Though you may recognize part of the popular minstrel show number "Mr. Catfish" from the folk song "Turkey in the Straw," the tune is actually believed to have origins in the African-American string band community. This recording—captured in the home of Big Fat Gap bassist and Shakori Hills organizer Robert Mitchener—appears on the upcoming PineCone compilation Going Down to Raleigh: Stringband Music in the North Carolina Piedmont 1976-1998.
Marvin Gaster, a Sanford folk musician and the 2000 North Carolina Heritage Award winner, sings and picks here, playing the disappearing two-finger banjo style, Mitchener supporting him on guitar. Gaster planned to participate in our discussion about "Mr. Catfish" and Piedmont stringband music at large, but he had a snag at the last minute.
Instead, we delved deeper into the history of stringband music and the recordings found on Going Down to Raleigh during an extended lunch conversation with North Carolina Arts Council Folklife Director, PineCone co-founder and folk music archivist and performer Wayne Martin.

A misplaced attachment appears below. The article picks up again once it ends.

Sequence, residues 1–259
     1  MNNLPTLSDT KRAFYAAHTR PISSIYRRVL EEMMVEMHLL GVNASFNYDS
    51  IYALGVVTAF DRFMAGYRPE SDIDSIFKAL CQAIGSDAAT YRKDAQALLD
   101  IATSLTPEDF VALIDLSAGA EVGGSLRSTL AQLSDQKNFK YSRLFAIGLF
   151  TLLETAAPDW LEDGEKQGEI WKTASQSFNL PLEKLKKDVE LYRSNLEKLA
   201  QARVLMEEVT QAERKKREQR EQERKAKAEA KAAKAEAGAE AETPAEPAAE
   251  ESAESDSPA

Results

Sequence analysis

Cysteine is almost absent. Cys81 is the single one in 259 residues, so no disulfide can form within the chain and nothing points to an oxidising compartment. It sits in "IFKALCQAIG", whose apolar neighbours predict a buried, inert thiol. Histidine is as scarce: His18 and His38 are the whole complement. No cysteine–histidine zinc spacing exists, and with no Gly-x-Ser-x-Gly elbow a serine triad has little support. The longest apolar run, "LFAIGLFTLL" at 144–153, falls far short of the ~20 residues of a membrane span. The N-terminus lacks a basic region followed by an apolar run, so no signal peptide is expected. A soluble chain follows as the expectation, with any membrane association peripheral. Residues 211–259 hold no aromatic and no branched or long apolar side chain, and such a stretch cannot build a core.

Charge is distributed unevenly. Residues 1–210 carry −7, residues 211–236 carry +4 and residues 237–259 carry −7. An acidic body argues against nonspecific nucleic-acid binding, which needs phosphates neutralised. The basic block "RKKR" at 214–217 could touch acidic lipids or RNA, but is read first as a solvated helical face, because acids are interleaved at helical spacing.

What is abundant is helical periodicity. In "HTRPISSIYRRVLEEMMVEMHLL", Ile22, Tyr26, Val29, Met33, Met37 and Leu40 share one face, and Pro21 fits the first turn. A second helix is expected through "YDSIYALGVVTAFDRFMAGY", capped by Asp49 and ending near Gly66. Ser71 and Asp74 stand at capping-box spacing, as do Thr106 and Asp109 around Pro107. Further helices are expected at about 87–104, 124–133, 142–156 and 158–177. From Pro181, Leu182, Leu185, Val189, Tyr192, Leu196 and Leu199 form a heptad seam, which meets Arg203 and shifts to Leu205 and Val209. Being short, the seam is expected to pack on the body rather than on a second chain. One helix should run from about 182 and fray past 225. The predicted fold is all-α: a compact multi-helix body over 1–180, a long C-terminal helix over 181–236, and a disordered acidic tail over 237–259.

INDEPENDENT WEEKLY: First, can you talk a bit about the context of this recording? Who is playing on the recording and when and where was it done?
WAYNE MARTIN: Most of the recordings included on the CD were made in peoples' homes between 1976 and 1998. "Mr. Catfish" was recorded in Chapel Hill [in 1994]. I went over to Robert Mitchener's house. Robert is a guitar player who's one of the younger musicians on the CD. He had asked Marvin Gaster to come up because Marvin was interested in making some recordings of his music and documenting his music. I had a portable tape recorder and took it over there and made a recording of Marvin playing in his two finger style of banjo and Robert backing him up.
I believe very strongly that field recordings have some advantages. You may lose a little bit of control over the sound, but by and large, the type of musicians I was trying to document are typically more comfortable in their own home environment. You get better performances.